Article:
How to Pay the Decedent's Debts and When to Declare Insolvency
Once a decedent’s estate is established, the executor’s next step is to identify and pay the decedent’s debts, administration expenses, and any claims against the estate. Identifying and paying these debts and expenses will help the executor determine whether to declare the estate insolvent.
Paying debts of the decedent and administration expenses
As executor, you should have collected all the decedent’s bills. One of your first tasks is to pay all administration expenses and debts of the decedent before you make any distributions to beneficiaries — if you have enough assets to do so.
How and when to pay a decendent's claims
As executor, one of your first duties is to pay the decedent’s debts. Some common claims include these:
A lease on the decedent’s residence: Be sure to review the lease, because some may have a provision for termination upon death. Often, you can reach an agreement with the landlord for early termination. Payments under the lease are claims against the estate, but executor extensions of the lease are administration expenses. Utility bills following the decedent’s death are also administration expenses.
Child support and alimony: Agreements or court orders to pay alimony and child support are claims against the estate, and you must hold back sufficient funds for future payments.
When you’re paying off the decedent’s debts, remember:
A debt is only considered a claim against the estate if it was created before the decedent died. If it wasn’t created before death, it may still be enforceable against the estate as an administration expense. Administration expenses are different than debts of the decedent.
Before you pay any debts, verify the validity of each claim. Doing so is a simple matter for most debts, such as utility bills, but you may have to investigate others more thoroughly. Your state’s legal precedents can likely help determine whether the claim is valid and can be paid. If actual services were rendered, the claimant is probably entitled to something from the estate.
Check to see whether any life insurance related to the debt is intended to pay it off upon death. Also make sure there are no agreements that make the indebtedness vanish upon death.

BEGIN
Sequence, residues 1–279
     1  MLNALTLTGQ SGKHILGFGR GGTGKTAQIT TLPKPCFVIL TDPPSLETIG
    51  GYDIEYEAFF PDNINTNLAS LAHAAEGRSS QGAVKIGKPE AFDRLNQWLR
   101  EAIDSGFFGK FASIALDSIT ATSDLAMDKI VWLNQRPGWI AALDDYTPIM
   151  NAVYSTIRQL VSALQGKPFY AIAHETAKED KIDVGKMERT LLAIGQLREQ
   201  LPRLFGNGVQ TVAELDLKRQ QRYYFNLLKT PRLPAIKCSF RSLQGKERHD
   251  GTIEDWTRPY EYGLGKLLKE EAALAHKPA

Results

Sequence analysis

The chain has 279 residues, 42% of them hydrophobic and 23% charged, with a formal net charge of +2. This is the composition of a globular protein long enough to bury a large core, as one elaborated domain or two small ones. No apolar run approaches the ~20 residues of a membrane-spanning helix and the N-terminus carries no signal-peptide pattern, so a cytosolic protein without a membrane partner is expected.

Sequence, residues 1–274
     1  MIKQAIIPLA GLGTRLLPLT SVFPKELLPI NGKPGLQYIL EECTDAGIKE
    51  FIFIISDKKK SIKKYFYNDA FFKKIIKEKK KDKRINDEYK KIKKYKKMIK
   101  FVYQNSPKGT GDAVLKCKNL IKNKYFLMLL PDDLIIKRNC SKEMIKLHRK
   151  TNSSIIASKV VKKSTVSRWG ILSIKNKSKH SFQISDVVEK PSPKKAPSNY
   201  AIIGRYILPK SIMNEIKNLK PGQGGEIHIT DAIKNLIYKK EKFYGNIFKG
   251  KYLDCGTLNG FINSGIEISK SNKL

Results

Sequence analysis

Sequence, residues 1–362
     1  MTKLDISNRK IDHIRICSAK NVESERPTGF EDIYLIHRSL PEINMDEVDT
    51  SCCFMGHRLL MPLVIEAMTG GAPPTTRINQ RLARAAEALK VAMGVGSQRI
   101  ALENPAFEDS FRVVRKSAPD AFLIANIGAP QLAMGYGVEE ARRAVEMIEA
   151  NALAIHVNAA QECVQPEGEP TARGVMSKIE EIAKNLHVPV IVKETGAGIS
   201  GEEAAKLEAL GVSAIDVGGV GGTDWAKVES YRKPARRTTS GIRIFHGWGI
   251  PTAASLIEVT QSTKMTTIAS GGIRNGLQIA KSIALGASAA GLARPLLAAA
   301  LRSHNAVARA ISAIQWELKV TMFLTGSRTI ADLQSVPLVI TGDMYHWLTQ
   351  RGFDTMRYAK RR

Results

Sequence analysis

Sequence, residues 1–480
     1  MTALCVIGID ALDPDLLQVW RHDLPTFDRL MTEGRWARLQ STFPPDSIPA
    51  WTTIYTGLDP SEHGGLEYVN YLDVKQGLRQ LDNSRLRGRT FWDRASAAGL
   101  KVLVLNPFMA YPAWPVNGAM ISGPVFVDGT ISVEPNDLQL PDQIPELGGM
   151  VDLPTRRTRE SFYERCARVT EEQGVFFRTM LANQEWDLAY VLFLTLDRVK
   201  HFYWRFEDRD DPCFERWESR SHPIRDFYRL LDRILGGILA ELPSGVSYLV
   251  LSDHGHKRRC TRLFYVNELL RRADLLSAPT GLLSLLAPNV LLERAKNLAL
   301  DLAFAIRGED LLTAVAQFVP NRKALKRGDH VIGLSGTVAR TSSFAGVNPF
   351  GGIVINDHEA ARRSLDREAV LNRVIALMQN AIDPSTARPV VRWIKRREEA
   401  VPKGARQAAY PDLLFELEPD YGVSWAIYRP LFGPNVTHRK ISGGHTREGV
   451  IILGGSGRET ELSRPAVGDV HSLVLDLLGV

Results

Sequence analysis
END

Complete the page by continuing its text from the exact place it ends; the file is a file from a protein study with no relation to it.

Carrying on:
Consider whether the debt is legally enforceable. Debts such as charitable pledges may only be considered moral obligations.
Frequently, your decedent’s largest obligations don’t need to be paid in full. Many are secured obligations that stay with the property to which they’re attached.
Keep in mind your state’s statutory period for filing claims. Be aware that each state has exceptions to this statute of limitations, including the following:
State estate or inheritance tax
Creditors’ liens on property
Certain governmental and private claims for environmental damage
State statute may also provide that, after a specified time, you may pay those claims that have been presented to you, and you won’t be held liable if funds are needed for later claims.
Prioritizing payment of decedent's debts
Every state sets its own order of priority; check with a competent attorney or with the probate court to determine the order.
The following is a list of the types of claims that typically take priority:
Reasonable administration expenses
Funeral expenses and the expenses of last illness
Federal and state taxes
Generally, you can only pay all other claims after you’ve paid these in full.
Declaring the estate insolvent
When you have more claims against the estate than assets to pay them, you must declare the estate insolvent. First consult with a probate attorney who has experience with insolvent estates in your jurisdiction.
If the decedent had a funded revocable living trust, you can usually use it to satisfy creditor’s claims. Hopefully, a decedent who funded a living trust made provisions in it for the payment of debts and administration expenses by the trustees; that way, an insolvent estate doesn’t have to go through the courts to access the trust fund.